When the editor, as part of his neurosurgical training at Johns Hopkins Hospital in Baltimore, was sent for a 6 month rotation as chief resident in neurosurgery at Baltimore City Hospitals (now the Francis Scott Key Medical Center) the Chief of Surgery was Dr. Mark Ravitch. Dr. Ravitch was the “surgeon’s surgeon” and proud of his stewardship of the Baltimore City Hospitals training program. Before any resident participated in surgery (under direct supervision) Dr. Ravitch would personally review the case in a preoperative group conference. When the editor presented a case of carpal tunnel release he was told by Dr. Ravitch that this “was not a neurosurgical procedure.” The editor’s naive inquiry as to when “the median nerve stopped being part of the nervous system” was not received well by Dr. Ravitch.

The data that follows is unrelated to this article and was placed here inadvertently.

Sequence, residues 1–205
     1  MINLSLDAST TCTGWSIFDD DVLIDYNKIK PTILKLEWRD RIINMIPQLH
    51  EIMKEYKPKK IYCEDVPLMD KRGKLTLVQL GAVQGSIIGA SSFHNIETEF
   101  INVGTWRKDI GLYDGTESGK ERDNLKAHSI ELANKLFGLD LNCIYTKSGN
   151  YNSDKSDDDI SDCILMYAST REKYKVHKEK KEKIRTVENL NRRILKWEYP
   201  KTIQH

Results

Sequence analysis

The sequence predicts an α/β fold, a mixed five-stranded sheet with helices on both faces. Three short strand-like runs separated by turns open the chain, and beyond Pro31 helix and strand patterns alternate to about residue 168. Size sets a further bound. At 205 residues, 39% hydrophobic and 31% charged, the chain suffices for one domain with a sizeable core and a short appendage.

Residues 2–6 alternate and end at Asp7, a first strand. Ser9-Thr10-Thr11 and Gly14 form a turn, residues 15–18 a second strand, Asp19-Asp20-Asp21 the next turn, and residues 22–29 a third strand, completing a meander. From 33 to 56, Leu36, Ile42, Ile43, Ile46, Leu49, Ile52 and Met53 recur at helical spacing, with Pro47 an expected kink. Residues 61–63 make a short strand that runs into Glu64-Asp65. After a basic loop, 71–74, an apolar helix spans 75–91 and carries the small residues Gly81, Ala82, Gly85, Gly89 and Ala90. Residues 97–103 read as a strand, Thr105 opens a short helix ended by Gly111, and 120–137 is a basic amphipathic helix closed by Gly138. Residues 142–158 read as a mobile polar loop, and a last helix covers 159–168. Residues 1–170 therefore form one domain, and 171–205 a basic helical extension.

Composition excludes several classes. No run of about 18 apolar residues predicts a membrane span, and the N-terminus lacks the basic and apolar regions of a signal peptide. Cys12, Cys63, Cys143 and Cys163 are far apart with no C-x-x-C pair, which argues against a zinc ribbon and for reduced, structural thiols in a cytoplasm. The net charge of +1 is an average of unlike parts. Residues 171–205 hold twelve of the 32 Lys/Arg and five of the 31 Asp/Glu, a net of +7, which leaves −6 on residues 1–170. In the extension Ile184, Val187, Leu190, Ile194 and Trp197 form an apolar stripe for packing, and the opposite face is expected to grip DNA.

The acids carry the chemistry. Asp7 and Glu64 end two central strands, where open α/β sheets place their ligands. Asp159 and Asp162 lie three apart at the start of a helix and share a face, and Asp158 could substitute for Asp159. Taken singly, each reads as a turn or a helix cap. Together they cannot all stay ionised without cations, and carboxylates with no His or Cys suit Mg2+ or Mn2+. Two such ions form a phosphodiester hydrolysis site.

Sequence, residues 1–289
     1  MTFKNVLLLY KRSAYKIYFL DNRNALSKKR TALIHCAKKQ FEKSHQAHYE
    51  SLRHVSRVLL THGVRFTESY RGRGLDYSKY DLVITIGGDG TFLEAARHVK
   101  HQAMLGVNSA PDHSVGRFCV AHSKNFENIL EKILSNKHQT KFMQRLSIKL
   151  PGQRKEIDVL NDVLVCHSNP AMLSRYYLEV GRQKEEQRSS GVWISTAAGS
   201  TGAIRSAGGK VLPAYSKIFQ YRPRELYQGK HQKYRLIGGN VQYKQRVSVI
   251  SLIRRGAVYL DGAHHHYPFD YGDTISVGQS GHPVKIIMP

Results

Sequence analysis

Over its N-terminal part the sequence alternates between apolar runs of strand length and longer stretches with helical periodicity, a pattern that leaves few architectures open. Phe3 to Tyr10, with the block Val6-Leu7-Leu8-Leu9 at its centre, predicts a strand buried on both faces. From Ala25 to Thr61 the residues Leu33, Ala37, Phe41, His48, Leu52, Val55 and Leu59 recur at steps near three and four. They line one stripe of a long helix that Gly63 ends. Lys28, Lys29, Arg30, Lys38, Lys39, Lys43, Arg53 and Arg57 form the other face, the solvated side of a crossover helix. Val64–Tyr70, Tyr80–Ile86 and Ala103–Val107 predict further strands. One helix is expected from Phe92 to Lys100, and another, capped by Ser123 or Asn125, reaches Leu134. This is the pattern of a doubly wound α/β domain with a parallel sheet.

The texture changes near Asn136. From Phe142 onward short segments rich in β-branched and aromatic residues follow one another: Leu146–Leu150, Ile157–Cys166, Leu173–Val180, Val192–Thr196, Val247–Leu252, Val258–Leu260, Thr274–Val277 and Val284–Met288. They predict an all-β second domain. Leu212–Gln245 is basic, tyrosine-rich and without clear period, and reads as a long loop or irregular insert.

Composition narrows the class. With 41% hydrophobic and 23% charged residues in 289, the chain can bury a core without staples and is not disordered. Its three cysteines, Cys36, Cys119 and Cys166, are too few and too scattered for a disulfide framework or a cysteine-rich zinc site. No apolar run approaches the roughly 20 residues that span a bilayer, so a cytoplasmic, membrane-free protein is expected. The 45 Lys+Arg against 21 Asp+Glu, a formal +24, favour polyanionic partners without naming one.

This encounter served as food for thought. Who owns the wrist?
Is it the:
No one owns the wrist. Who is best prepared to treat the specific infirmity being addressed? That all depends on the training, experience, skill and outcomes of the surgeon who steps up to the plate. Who is the umpire? The umpire is the patient.